Saturday, August 18, 2007

Village People Radio Show (2006)

Village People Radio Show (Amir Muhammad, 2006)
Malaysian Title: Apa khabar orang kampung

Midway through Amir Muhammad's Village People Radio Show, Pak Kassim, former Malaysian independence fighter turned Communist guerrilla, says that despite the fact that they're Communists, they still need religion. It's not an entirely paradoxical proposition, especially after learning the man's history through the relaxed conversation pieces he has with Muhammad.

Village People Radio Show, along with its companion piece The Last Communist (2005), was banned in Malaysia for its Communist content, which I think is quite silly. Although the documentary tackles the communist fighter, it neither espouses or supports the cause, or at least not enough to evoke a rousing conviction from anyone who would view the film. Instead, the documentary paints an earthly portrait of these exiled communists who are living in a Thai village bordering Malaysia. There's a discernible humility in Muhammad's filmmaking; you can sense a profound respect for these former freedom fighters who are not able to relish in the freedom they have spilled blood and tears for, simply because of ideological differences.

The documentary is structured uniquely. Interspersed between the many conversations are excerpts from a Thai radio drama, adapted from William Shakespeare's Winter's Tale. The conversations themselves are backdropped with sights and sounds from that Thai village: little children playing, the adult folks in their daily trade, the forests that cover the village. Muhammad shows an effectively wry sense of humor, as when Pak talks about how the first Malaysian president went to England to discourse talks about liberation and in return foregoing further talks with the communist fighters, he shows us a monkey on a leash; or when he starts discussing about their unfortunate exodus out of Malaysia, he shows us a colony of ants on a straight disciplined line.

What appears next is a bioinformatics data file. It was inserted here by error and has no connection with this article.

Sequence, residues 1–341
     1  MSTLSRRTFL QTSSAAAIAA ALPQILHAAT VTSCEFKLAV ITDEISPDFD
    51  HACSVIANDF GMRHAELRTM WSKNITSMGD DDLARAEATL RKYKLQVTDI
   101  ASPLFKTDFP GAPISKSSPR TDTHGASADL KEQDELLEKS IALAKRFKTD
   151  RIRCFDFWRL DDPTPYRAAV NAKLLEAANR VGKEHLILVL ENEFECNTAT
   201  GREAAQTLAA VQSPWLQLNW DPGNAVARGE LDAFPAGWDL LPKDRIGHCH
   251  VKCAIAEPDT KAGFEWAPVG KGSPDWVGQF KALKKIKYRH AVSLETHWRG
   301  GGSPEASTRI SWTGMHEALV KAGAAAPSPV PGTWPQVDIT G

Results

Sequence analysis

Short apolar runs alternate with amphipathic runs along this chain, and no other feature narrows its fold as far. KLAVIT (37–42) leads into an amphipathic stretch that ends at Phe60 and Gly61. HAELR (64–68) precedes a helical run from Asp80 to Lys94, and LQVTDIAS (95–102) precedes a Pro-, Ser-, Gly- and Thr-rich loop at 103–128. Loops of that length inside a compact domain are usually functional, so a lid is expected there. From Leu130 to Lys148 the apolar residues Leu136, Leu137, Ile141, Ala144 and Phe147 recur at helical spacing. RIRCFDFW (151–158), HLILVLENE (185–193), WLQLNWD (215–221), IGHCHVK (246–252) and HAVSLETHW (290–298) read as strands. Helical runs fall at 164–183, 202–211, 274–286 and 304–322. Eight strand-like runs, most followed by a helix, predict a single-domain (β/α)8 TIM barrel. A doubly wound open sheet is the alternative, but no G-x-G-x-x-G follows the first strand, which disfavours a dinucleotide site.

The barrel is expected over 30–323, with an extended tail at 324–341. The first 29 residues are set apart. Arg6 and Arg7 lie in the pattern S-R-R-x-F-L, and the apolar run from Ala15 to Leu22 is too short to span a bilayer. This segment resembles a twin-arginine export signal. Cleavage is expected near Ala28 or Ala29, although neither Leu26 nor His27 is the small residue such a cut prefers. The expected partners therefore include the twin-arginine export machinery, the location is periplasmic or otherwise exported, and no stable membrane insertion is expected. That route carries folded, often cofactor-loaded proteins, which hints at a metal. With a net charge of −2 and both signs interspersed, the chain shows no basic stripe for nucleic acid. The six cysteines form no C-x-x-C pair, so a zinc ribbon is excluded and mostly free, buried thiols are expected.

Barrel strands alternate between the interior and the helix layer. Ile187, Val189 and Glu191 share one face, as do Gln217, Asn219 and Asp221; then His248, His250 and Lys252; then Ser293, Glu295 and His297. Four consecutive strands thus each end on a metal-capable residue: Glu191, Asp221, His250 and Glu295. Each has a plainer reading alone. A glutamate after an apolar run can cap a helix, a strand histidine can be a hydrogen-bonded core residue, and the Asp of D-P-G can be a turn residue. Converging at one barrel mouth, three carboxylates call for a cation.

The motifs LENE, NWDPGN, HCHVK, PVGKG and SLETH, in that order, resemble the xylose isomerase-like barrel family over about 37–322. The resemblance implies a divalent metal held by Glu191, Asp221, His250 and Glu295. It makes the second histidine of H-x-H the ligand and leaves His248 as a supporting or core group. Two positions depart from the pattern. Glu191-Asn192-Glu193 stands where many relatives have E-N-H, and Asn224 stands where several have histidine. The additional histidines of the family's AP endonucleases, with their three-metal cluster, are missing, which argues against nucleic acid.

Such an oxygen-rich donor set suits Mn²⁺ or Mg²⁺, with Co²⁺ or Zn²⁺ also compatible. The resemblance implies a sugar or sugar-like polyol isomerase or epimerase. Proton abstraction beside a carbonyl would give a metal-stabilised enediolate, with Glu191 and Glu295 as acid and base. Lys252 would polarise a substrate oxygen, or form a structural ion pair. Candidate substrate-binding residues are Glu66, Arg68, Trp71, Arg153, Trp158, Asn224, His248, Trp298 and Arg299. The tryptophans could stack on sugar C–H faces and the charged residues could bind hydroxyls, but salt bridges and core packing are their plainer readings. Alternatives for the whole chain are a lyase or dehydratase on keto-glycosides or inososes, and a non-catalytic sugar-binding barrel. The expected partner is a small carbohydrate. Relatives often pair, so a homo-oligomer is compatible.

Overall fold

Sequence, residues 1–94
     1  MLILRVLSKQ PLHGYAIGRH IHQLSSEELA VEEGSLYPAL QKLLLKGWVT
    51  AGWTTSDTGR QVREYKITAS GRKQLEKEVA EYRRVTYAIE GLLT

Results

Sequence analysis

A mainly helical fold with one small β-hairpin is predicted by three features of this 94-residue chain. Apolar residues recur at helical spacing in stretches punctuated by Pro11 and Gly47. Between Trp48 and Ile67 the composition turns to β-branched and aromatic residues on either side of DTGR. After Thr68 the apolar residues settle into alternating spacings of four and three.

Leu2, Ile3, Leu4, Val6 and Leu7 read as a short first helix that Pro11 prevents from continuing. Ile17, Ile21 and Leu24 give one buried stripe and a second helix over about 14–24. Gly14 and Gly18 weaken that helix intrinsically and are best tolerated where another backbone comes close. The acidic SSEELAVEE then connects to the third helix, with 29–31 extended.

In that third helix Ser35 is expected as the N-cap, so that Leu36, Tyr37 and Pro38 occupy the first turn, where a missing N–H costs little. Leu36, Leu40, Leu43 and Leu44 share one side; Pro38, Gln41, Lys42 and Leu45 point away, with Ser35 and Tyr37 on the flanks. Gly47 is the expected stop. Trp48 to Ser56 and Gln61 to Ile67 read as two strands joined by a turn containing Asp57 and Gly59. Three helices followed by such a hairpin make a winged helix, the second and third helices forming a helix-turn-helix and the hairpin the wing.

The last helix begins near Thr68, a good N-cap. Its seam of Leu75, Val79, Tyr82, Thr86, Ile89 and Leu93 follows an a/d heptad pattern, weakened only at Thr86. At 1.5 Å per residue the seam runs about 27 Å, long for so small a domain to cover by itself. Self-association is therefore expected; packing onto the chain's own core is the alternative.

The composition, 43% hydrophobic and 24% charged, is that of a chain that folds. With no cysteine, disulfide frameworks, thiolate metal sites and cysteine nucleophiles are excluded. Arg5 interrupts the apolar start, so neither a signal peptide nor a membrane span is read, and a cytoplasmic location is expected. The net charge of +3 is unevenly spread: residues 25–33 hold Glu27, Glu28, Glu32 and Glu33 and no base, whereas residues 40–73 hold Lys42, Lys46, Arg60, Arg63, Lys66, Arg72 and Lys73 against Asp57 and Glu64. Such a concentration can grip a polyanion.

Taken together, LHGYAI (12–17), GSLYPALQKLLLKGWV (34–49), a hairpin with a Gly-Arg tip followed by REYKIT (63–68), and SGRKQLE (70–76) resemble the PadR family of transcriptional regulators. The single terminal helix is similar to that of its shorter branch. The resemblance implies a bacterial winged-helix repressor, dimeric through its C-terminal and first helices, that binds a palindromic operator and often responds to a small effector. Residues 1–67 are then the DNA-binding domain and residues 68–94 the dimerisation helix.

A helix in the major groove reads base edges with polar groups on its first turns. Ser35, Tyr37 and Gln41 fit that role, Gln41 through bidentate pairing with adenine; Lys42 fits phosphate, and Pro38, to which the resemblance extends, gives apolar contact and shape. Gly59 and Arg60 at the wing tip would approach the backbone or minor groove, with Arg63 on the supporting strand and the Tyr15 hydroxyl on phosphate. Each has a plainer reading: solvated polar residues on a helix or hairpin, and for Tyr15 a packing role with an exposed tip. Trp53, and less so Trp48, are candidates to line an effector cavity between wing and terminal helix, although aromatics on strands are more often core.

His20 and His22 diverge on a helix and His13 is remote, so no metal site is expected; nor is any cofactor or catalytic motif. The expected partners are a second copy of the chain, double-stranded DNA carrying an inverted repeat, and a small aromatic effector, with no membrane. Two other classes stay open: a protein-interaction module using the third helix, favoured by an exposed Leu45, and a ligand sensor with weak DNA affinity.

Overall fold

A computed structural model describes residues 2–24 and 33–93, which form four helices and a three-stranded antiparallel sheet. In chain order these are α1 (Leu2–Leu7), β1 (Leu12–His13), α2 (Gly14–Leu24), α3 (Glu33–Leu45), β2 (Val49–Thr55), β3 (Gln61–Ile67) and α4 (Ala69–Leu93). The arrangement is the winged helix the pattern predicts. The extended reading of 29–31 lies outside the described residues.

The documentary itself is constructed like a public announcement radio show, complete with an upbeat opening song that invites casual listeners. The invitation is of course short-lived, every now and then, the film stops into an irritating formation of moving lights accompanied by the distorted sounds over the airwaves, usually heard when one is changing the frequency to catch other radio stations. It's as if Muhammad is already parodying his film's current predicament; there's a funny sense that Muhammad is censoring those conversations with the village people; successfully intercepting the radio frequency to a harmless radio play, but is transported back to those soundbites of Pak Kassim's stories that are considered harmful and much political.

In a way, Village People Radio Show is not a mere documentary about a forgotten freedom fighter living his last days outside the nation he fought for, it is also a commentary about Malaysian politics and how most Malaysians opt for the simple pleasures of trite entertainment instead of complexing their lives with the plight and tales of the overtly marginalized. When faced with a depressing tale of a nationalistic man detached from his country, and such tale obviously hinges on a very sensitive aspect of governance and politics, they tend to turn the dial and hope something remotely entertaining is on the air, to pass the time.

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